A common error you may encounter when using VSEWSS 1.3 is “System.ArgumentException, Value does not fall within the specified range.”  This post outlines the common causes and resolutions for the issue. 

One suggestion I have seen on the web is to delete the pkg directory since it is auto-generated each time.  It is important that you do not do this, because some information about the solution and features is stored in files in the pkg directory.  In fact, when doing team development with VSEWSS, the pkg directory must be included in the project and source control so other developers can properly package the solution. 

The following outlines the common causes and resolutions:

Remove ASP.NET Web Sites from the Solution

In the VSEWSS 1.3 release notes, there is a known issue: “You may receive the error “Value does not fall within the expected range.” When deploying a SharePoint solution that also contains an ASP.NET Web Project.”  The resolution is to “use a separate Visual Studio solution for each of the ASP.NET and SharePoint projects.”  If you need a web project, use a web application project instead of a web site.

Ensure Files Added as a Link Were Not Moved, Renamed or Deleted

The most common cause for the ArgumentException is that a file referenced in manifest or rootfiles is missing.  One of the things I like to do is develop in a separate projects and link items into the deployment project.  This allows me to use a web application project and test changes without having to deploy them to SharePoint first.  The downside of linking files is that the links aren’t updated if the source file is moved, renamed or deleted.  For example, consider the following project where I have an image file to deploy.  Note the shortcut icon indicates the image was added as a link:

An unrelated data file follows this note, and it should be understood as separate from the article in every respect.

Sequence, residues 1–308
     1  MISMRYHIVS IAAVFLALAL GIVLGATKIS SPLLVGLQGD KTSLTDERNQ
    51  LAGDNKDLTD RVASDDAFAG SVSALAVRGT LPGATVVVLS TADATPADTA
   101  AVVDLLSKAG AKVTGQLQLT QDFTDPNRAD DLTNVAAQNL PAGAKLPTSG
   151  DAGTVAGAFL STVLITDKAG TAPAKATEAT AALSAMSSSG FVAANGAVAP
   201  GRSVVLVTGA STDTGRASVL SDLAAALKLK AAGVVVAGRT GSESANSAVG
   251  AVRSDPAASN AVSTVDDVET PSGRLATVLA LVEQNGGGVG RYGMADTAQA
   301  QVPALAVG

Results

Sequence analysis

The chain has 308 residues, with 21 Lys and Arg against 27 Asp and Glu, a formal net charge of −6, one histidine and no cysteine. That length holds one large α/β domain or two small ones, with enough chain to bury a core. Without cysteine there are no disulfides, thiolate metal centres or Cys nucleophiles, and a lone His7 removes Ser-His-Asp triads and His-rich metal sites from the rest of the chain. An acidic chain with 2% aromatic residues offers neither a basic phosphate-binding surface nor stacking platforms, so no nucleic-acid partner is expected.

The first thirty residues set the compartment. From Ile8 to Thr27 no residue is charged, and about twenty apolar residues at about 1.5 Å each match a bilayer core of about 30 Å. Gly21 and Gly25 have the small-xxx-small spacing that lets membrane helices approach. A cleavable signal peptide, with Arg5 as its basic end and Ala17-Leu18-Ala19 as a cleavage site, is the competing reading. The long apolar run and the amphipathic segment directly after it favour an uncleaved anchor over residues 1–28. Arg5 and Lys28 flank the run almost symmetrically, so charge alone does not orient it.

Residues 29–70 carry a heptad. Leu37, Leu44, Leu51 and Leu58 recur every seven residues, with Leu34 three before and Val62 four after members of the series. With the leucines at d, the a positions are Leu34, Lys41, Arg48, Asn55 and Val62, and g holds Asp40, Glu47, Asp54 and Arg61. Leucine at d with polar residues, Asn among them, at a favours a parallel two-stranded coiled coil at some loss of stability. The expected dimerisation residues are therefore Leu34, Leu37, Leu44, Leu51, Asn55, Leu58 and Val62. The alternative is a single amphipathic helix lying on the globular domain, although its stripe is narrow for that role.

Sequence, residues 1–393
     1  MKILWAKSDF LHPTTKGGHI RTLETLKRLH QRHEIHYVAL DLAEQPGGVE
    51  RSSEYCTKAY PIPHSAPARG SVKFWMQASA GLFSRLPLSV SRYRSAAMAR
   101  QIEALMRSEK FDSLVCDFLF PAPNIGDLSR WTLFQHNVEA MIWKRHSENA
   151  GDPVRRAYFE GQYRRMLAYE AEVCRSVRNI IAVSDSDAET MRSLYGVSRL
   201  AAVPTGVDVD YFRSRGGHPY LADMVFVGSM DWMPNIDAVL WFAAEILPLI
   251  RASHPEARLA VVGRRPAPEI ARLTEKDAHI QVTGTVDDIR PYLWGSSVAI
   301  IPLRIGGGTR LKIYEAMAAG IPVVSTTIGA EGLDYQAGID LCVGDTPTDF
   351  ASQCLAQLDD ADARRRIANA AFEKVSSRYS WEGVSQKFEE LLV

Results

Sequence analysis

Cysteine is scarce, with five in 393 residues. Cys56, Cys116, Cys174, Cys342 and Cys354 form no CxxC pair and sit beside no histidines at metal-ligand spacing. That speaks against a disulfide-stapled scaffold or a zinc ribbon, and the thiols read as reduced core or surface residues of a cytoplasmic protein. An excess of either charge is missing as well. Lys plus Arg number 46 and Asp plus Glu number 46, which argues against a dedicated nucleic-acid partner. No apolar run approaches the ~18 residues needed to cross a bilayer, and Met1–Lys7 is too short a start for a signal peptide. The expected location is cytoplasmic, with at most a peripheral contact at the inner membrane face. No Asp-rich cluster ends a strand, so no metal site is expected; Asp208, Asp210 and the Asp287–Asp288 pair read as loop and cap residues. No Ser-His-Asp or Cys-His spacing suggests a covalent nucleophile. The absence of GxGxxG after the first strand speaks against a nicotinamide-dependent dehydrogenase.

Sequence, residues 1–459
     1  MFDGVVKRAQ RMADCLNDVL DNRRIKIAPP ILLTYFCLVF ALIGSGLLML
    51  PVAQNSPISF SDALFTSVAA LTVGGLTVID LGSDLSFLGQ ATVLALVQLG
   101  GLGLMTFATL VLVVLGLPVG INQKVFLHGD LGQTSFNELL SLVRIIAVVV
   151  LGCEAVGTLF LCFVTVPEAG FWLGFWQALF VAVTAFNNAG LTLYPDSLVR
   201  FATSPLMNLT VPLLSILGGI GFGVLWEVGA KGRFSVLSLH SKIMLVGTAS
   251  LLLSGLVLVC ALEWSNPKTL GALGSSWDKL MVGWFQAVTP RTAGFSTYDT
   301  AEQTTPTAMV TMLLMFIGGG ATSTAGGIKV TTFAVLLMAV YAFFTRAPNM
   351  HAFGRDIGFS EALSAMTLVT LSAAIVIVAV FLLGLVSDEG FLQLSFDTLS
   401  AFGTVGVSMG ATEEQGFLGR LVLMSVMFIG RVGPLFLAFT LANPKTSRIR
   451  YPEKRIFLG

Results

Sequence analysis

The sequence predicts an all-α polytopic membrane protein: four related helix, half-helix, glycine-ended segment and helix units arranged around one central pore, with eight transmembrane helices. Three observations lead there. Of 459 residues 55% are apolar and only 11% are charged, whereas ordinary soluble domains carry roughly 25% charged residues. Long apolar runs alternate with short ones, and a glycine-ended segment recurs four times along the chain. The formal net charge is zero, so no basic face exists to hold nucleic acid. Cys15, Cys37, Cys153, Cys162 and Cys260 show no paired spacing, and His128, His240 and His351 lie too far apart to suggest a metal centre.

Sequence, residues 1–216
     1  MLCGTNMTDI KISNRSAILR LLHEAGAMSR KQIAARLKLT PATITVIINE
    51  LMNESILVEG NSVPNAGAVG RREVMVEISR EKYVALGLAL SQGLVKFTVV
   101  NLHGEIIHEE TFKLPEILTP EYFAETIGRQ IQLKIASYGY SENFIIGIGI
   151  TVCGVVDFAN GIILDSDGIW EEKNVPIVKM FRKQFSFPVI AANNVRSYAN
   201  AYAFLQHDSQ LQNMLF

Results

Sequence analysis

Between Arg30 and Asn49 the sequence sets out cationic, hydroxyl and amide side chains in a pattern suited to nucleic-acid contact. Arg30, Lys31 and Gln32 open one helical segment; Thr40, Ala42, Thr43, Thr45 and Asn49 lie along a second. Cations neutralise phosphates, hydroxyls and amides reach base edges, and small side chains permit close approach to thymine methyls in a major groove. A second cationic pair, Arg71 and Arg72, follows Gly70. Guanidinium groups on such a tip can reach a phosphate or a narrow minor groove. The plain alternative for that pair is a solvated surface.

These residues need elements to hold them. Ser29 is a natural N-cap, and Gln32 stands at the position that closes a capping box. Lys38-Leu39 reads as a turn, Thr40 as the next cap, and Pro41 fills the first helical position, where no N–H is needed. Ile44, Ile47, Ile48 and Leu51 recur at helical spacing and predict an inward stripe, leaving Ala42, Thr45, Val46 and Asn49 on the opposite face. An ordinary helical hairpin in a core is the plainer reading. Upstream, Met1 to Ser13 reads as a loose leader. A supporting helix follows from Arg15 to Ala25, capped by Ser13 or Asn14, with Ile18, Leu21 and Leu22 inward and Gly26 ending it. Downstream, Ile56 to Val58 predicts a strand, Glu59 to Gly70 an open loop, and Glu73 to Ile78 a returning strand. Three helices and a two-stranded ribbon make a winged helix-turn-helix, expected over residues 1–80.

image

If I rename the source file in the Contoso.Web project to “pageerr.gif,” VSEWSS packaging will fail because the file is referenced in the manifest and rootfiles, but cannot be found:

image

To resolve the issue, look for linked files that have a exclamation icon (which can be difficult to see) and re-link them.

Verify your Installation is not Corrupt

This is the least likely cause, but I experienced this one time.  To test your installation, create a new SharePoint project using the Empty template.  Package the solution from the solution view.  Switch to the wsp view and refresh.  If there is something wrong with your installation, you will see a message like this:

image

To fix the issue, uninstall the extensions, download the latest version of the extensions, and re-install.  Re-test creating an empty project.

Conclusion

The Visual Studio Extensions for Windows SharePoint Services can substantially increase your SharePoint development productivity.  However, when things go wrong, the extensions can be a productivity killer.  The error messages often do not contain enough detail to identify the cause and solution.  I hope this post saves you many hours of troubleshooting when you receive an ArgumentException.